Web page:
Friday, March 27, 2015

Howling noiselessly


It is Winter. Ravens are standing on a pile of bones -- black typeface on white paper picking an idea clean. It's what I do each time I sit down to write. What else are we to do with our obsessions? Do they feed us? Or are we simply scavenging our memories for one gleaming image to tell the truth of what is haunting us?

"To write", Marguerite Duras remarked, "is also not to speak. It is to keep silent. It is to howl noiselessly."

Today there is a fresh field of snow -- no visitations by ravens, just a pristine landscape wiped clean by a blizzard. What I wouldn't give to follow my mother's tracks before she covered hem up with her silence.

My mother was a great reader. She left me her journals, and all her journals were blank. I believe she wanted them read. How do I read them now?

I am afraid of silence. Silence creates a pathway to peace through pain, the pain of a distracted and frantic mind before it becomes still.

Terry Tempest Williams
When Women Were Birds: Fifty Four Variations on Voice

To win one of two copies of this incredible tome, be sure to check out the April Moon 15 giveaway!


Thursday, March 26, 2015

The current




I've been reflecting on my last post and I realised I have some confessing to do.

The first is that I rarely ask people how they are and really want to know the answer.  I'm no saint. I'm usually too busy to stop and chat.

I do have a lot of love for my daughter's classmates and I honestly feel that their parents are beautiful people. I love having so many friends here in our local community, lovely people that I bump into every time I leave my house. And I really do care how they are. Just not every day and especially not when I haven't had much sleep. Maybe it's because I don't feel like there's a lot of space for me at the moment and I just don't have capacity to hold their answers, particularly if they have some gravity to them.

The second thing I feel I should share is that I know I am a moving target. Someone asking me how I am will rarely get a satisfying answer... unless we have a lot of uninterrupted time and I feel it's safe to tell the truth. I am very good at manufacturing a sense of urgency and highly skilled at deflecting conversations away from myself.

Thirdly, it somehow seems like the greatest admission of failure to share that my baby son is a crappy sleeper. Maybe because early signs were that he was a champion sleeper and self-settler. Probably because my daughter was an amazing sleeper. And although this came with its own issues as far as early feeding patterns went, she was so brilliant that I could help but feel a bit smug every time other new parents complained about sleep deprivation. Smug and, if I'm going to be honest, more than a little judgemental. They must be doing it wrong, I reasoned.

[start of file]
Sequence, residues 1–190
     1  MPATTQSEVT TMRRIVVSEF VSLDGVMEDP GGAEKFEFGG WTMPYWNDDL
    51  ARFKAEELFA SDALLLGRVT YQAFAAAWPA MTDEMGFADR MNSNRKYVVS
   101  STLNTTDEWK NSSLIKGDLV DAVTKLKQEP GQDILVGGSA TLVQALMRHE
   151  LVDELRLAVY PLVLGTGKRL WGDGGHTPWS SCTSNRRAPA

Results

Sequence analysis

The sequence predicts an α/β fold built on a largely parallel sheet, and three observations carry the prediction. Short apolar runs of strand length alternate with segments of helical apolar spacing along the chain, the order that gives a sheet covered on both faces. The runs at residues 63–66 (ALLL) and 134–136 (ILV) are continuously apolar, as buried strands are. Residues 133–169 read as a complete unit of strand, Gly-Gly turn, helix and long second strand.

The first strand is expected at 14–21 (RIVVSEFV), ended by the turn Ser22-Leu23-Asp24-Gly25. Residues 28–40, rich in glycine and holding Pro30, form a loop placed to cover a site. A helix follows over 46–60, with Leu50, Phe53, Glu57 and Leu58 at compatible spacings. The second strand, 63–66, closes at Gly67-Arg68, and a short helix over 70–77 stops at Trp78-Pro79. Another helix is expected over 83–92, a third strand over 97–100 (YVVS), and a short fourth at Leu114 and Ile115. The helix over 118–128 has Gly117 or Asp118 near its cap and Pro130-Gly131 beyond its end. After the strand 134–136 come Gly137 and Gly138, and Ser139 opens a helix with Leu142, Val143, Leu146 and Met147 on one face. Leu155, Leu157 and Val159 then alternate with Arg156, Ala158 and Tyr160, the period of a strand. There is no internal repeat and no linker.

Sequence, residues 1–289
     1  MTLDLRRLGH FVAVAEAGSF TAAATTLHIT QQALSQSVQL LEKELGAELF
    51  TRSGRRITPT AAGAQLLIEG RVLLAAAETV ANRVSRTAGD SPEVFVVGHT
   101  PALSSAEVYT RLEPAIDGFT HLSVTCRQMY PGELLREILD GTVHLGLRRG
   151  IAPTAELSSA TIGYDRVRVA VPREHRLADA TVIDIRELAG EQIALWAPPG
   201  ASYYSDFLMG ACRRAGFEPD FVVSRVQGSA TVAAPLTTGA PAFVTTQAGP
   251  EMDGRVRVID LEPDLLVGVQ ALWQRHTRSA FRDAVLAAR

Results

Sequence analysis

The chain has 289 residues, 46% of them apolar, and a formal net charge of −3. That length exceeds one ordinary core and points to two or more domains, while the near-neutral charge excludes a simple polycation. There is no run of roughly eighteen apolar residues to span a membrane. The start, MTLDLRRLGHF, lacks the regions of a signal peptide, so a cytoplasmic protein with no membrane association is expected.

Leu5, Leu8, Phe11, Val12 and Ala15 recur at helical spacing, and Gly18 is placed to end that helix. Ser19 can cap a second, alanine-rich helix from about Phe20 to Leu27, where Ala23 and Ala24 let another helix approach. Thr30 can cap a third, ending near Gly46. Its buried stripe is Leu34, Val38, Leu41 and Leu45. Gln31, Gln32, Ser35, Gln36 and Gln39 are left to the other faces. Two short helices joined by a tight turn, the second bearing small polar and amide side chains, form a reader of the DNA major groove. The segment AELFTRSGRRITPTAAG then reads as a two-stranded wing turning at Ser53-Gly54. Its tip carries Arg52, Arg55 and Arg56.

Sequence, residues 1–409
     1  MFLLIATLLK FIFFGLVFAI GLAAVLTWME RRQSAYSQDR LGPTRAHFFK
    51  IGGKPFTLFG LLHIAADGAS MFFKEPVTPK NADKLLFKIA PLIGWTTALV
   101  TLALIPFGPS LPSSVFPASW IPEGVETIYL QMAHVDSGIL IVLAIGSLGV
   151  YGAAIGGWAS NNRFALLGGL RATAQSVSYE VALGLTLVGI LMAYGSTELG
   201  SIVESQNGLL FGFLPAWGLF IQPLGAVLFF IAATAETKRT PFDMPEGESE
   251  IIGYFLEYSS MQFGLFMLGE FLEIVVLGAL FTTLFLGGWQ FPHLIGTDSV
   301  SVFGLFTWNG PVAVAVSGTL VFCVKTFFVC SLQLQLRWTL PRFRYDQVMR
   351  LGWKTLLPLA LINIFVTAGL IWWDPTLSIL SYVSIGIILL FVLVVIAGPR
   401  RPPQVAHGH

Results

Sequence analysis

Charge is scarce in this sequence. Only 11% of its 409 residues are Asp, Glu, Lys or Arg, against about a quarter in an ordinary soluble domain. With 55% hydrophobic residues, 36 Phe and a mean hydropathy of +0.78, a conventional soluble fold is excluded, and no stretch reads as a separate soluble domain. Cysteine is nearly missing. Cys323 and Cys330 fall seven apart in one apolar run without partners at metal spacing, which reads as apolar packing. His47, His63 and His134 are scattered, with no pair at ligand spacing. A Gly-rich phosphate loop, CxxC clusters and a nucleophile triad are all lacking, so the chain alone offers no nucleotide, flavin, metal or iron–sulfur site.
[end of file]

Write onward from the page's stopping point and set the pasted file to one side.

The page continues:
I guess I fear being judged in the same way. I don't want to look like I am doing it wrong. I don't want it to look like I am not OK.

Being honest about not being OK, in my experience, engenders a level of interest that I do not want to attract. I don't want you to ask me. I don't want you to sympathise. I don't want you to worry. This will somehow make me feel even worse.

I'm not advocating for this sort of attitude It's a pattern I'm trying to notice, an assumption of isolation I am challenging gently. I'm not sure I'll ever change, the current runs pretty deep.

But this morning, after we dropped my daughter off at school, we walked home a slightly longer way than usual. It was cold but sunny and there was a hint of wood fire smoke in the air. There were brambly bushes with unusual berries covered in morning dew. Ornate lattices made pretty patterns on the hawthorn brickwork of heritage houses. We crossed the creek and the rippled reflection of the bridge and the trees reminded me of a Chuck Close painting.

And somehow all this helped.

This post is in response to the ninth prompt of the Reverb14 reflective writing challenge. You are warmly invited to share your response and link to it in the comments below, if you feel called to do so. 


The next opportunity to connect in this way is April Moon and we'd love to have you join us!


Monday, March 16, 2015

The lie of loneliness


Dr Brené Brown often says that if you have one or two "move a body" friends in your life, then you are doing really well and I think she has a point.

I often get asked how I am. It's the polite way to make small talk at school drop-off and pick-up, waiting for takeaway coffee, at family gatherings.

Increasingly I realise how few people in my daily life actually want to know how I am. Like, really am. Sure, I'm great with small talk and not so great on sharing my vulnerabilities but I am beginning to see how few people in my everyday life actually can or want to see them anyway.

So I am asked how I am and I answer.

[Eyes glaze over.]